Korea’s new disasters network

Ms Sungjoo Kim, President of Korea Red Cross and Chairperson/Chief Visionary Officer of the Sungjoo Group, believes private sector has a key role to play in DRR. (Photo: UNISDR)
 
By Andy McElroy

INCHEON, 24 September 2015 – Korea’s advance towards a national integrated public-safety communications network is being heralded as an example of how disaster risk reduction represents a major business opportunity.

The country aims to launch its world-leading system – the so-called Long Term Evolution (LTE) public safety network – in 2017, and several commercial bids are expected from major telecommunications carriers to implement the ambitious project.

The round-the-clock network will serve 200,000 users from 324 agencies including police, fire, emergency medical services, coast guard, military, provincial administrative offices, electricity, gas and the forest service.

The new system, overseen by the Ministry of Public Safety and Security, represents a major leap forward from the previous network that was for emergencies only and did not integrate various services or provide full geographic coverage.

Prof. Daehyoung Hong, the Chair of the SafeNet Forum of Korea, told senior executives from the private sector, academia, and civil society that the network was an important part of Korea’s high-profile national safety agenda.

“The development of the national public safety network is an example of how Korean business will develop one of the country’s strategic industries and, in so doing, provide an opportunity for companies to go on and lead in what will be a global market,” Prof. Hong said.

“This network is a good opportunity to adopt and apply ICT (information communication technology) in disaster situations and meet a global business demand.”

Prof. Hong was speaking at a high-level forum titled “Networks and Communication in Disasters: Risk Reduction as a Business Opportunity” hosted at UNISDR’s Global Education and Training Institute, in Incheon, Korea.

The President of Korea Red Cross, Ms Sungjoo Kim, said a partnership approach, that includes the private sector, was essential for effective disaster risk reduction.

Ms Kim is well placed to make such an observation: as Chairperson and Chief Visionary Officer of the Sungjoo Group (Korea) and MCM Holding AG (Germany), both major entities in the fashion industry, she combines leadership roles in the business and not-for-profit worlds.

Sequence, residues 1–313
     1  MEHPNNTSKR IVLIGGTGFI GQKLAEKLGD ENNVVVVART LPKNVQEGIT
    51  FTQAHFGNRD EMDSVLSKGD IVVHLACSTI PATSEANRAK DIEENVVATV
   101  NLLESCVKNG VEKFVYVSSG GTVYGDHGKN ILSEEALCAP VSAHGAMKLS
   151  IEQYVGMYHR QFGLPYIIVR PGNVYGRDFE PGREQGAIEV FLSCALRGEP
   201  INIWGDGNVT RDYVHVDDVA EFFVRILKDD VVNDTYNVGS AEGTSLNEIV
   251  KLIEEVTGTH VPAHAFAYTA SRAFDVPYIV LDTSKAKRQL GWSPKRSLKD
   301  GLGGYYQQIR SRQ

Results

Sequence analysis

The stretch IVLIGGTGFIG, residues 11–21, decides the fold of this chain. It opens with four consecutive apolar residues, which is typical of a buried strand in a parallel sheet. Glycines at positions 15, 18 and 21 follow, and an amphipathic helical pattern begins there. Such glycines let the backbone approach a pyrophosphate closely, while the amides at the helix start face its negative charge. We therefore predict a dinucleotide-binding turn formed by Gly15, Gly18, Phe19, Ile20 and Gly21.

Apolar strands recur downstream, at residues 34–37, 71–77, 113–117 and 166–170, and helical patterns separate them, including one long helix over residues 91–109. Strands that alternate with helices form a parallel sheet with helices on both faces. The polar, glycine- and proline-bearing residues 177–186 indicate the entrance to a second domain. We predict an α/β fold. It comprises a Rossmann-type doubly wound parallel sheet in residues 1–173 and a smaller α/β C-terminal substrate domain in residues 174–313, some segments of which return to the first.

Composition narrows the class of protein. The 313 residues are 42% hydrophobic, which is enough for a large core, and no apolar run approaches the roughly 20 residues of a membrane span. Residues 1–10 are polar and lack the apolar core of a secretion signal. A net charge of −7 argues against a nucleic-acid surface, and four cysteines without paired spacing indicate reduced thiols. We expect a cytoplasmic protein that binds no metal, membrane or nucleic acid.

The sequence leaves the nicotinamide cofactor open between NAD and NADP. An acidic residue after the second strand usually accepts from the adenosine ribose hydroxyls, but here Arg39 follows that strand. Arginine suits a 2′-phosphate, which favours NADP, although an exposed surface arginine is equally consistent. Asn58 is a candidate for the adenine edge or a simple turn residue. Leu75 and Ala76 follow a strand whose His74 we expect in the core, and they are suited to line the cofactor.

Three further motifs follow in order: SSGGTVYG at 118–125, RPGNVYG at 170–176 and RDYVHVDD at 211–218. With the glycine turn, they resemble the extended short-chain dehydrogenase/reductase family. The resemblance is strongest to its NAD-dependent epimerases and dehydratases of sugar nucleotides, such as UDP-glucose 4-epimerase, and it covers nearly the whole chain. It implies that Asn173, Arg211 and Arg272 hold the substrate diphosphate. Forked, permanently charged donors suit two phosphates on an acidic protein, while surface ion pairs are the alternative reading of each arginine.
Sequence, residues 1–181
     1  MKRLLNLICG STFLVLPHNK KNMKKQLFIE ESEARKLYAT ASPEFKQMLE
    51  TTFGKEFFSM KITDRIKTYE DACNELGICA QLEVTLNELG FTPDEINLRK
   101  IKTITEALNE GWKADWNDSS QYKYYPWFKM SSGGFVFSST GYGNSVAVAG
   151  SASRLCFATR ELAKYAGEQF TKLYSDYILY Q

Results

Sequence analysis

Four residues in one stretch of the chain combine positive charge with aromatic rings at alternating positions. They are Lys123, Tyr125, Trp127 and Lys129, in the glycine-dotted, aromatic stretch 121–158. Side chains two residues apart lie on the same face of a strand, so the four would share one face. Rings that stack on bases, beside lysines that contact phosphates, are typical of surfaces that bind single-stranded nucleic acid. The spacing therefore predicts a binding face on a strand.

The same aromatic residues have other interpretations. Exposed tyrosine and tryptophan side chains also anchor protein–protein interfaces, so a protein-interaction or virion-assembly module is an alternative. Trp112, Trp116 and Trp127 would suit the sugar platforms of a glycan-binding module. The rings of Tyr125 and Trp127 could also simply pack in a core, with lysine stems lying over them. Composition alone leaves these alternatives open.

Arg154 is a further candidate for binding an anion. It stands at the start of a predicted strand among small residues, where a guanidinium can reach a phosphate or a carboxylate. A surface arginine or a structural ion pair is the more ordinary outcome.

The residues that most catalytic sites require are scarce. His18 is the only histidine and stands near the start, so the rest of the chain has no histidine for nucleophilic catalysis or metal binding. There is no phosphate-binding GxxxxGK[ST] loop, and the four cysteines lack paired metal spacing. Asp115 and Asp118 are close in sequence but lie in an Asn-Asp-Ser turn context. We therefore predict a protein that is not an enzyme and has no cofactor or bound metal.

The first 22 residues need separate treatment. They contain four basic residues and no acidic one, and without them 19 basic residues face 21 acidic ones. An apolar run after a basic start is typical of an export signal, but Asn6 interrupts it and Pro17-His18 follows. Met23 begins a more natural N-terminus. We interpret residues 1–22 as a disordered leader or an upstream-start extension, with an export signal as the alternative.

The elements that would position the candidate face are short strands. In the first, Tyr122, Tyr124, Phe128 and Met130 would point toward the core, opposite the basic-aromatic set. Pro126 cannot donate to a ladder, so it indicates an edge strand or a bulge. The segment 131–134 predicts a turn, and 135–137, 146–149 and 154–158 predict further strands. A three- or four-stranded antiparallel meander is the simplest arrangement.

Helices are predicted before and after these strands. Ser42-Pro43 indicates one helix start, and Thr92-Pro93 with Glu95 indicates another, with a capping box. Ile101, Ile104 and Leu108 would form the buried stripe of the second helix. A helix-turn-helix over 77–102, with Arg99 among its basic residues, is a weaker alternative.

She was profoundly impressed by her visit to the city of Sendai which hosted the Third UN World Conference on Disaster Risk Reduction in March, 2015, just four years after it was devastated by the Great East Japan Earthquake and Tsunami.

“On my visit to Sendai, I was very touched and moved by how everyone pulled together in that city. They have showed the world how to recuperate. I have great respect for Sendai,” Ms Kim said.

In another example of innovative partnership, the Korean Red Cross is collaborating with the State University of New York (SUNY) – the first university to establish a presence on Incheon’s Global Education Campus – to set up a Red Cross academy to increase DRR awareness among communities across Korea.

The Sendai Framework for Disaster Risk Reduction 2015-2030 highlights the important role of the private sector, partnership and how the application of ICT solutions can safeguard lives, livelihoods and assets. The global blueprint to substantially reduce risk and losses from disasters was adopted by 187 countries at the World Conference.

The development of Korea’s national public safety network comes in the aftermath of the April 2014 Sewol ferry disaster in which more than 300 people died, including many children.
The Third World Conference on Disaster Risk Reduction took place in 2015 The Third World Conference on Disaster Risk Reduction took place in 2015.
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